Please call us at 206-334-0266 when you are ready to decorate your home or transform that room that you have been dreaming about for awhile. We would love to hear from you and help you with all of your interior design needs.
Just because you may live in a small place, that doesn’t mean you have to live with miniature furniture pieces or plain decor. Nor do you need to forgo luxury. Follow these steps and live large in your small spaces:
The first rule of living in small spaces is selecting furniture with in right scale. Scale, scale, scale.
Small spaces look bigger when the scale fits the space.
Always measure your entry and available space to ensure that your choice of comfortable sofa is realistic for the designated space and that it can actually fit through the doorway. Some entries are curved or have angles that make it very challenging to get the furniture in. If you are in doubt as to whether the sofa fits in your space, just tape the floors with the dimensions of the sofa. Getting a visual tape view before committing to a certain sofa can save lots of time, money and frustration.
Use multi-funtional pieces. For example, a side table could also be a desk. A storage ottoman can also make a great coffee table. Be creative. Multi-functional pieces are cool in small places as well as in larger ones.
Let there be LIGHT! Add light to your space and make your home feel brighter, warmer, cozier and more inviting. Use uplighter behind the plants or in any dark corner. You can purchase up-lighters in any home improvement store.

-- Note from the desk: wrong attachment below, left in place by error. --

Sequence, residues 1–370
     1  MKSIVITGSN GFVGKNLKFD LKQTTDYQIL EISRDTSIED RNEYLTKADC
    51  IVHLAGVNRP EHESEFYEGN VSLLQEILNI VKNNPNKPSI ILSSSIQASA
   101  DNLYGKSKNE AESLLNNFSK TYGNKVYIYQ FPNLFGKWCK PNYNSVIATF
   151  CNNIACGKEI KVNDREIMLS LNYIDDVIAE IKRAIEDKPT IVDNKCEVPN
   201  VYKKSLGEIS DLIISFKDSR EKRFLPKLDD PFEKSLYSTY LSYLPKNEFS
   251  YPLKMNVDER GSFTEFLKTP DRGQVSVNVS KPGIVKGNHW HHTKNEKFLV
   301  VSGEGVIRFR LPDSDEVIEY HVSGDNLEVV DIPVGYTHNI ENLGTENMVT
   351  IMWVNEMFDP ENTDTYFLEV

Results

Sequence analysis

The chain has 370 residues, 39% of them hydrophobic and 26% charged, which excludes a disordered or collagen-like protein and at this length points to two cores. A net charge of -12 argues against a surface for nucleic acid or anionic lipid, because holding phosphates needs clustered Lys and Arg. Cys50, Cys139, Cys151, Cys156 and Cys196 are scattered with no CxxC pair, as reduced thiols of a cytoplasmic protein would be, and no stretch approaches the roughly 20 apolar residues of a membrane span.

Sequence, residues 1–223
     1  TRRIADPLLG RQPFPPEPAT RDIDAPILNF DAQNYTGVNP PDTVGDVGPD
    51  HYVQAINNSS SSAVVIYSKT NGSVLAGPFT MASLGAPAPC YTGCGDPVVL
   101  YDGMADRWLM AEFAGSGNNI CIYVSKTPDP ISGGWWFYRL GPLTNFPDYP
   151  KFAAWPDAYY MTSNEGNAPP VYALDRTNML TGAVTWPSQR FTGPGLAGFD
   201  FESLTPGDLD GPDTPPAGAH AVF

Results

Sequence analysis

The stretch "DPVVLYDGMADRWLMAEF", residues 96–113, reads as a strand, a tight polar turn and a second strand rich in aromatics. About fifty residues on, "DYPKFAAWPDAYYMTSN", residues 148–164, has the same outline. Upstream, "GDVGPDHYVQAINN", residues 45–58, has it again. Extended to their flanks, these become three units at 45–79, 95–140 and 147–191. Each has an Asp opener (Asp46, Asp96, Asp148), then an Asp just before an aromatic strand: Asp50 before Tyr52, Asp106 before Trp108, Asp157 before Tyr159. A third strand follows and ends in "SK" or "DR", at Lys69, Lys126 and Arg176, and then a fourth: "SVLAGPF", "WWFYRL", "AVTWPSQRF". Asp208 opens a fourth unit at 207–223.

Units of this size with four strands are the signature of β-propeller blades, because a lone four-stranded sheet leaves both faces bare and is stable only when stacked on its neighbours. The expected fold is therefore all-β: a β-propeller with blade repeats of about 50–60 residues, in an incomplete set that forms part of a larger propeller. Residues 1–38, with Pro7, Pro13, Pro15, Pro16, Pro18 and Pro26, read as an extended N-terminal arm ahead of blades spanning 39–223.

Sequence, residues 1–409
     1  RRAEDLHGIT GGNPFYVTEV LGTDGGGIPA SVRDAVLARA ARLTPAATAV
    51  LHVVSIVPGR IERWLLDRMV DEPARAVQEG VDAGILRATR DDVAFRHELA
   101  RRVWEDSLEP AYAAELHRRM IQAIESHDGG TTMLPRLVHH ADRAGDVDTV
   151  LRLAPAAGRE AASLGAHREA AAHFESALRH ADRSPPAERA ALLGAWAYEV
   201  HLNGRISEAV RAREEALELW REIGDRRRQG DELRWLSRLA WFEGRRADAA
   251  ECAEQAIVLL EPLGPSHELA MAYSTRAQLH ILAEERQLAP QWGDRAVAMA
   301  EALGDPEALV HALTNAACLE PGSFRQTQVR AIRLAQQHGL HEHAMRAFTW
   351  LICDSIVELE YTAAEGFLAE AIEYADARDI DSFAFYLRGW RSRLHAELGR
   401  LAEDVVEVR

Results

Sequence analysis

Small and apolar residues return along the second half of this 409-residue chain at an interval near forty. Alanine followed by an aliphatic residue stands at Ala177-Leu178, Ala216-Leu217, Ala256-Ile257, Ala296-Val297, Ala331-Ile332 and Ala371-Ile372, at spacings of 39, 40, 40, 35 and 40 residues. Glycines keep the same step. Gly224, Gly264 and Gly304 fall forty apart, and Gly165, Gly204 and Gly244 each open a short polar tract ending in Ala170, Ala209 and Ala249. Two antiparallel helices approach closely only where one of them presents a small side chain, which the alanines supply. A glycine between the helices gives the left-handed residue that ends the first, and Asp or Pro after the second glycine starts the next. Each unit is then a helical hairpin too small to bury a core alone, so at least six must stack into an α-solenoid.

Use your vertical space. If you own your home, the floor to ceiling built-ins are a great way to claim more space. Floating shelves are another great option. They are visually more open, thus creating a more spacious feel while providing space for storage.
Small spaces usually feel boxy and very square. Using curvy items like a round dining table, mirror and pillows will help to soften the harsh boxy look and feel of the rooms.
Use a lighter shade of carpet to brighten up your space. Since your space is small, you might even be able to find a remnant carpet piece that works perfectly for your place.
If your space comes with dark wall-to-wall carpet or dark stained wood floors, cover the floor with a lighter color carpet.
A bed is usually the biggest piece of furniture in a small space. Add luxury and depth by layering the linen and fabric. An elegant color palate and a mixture of pattern and prints adds interest and makes the space feel arier. Luxury is the best small-space strategy. However, if your bedroom is very small, a Murphy’s Bed will be your friend.
Forget about tradition. Always think about what is best for your needs — after all, this is YOUR home. Some people prefer a full bed vs. a fold up bed. Some need a desk more than a dining table. Again, double functioning furniture pieces can be a great option for solving small space problems. However, if this is not an option for you, just prioritize your needs. Having functional and practical spaces are essential elements of having a beautiful and luxurious home.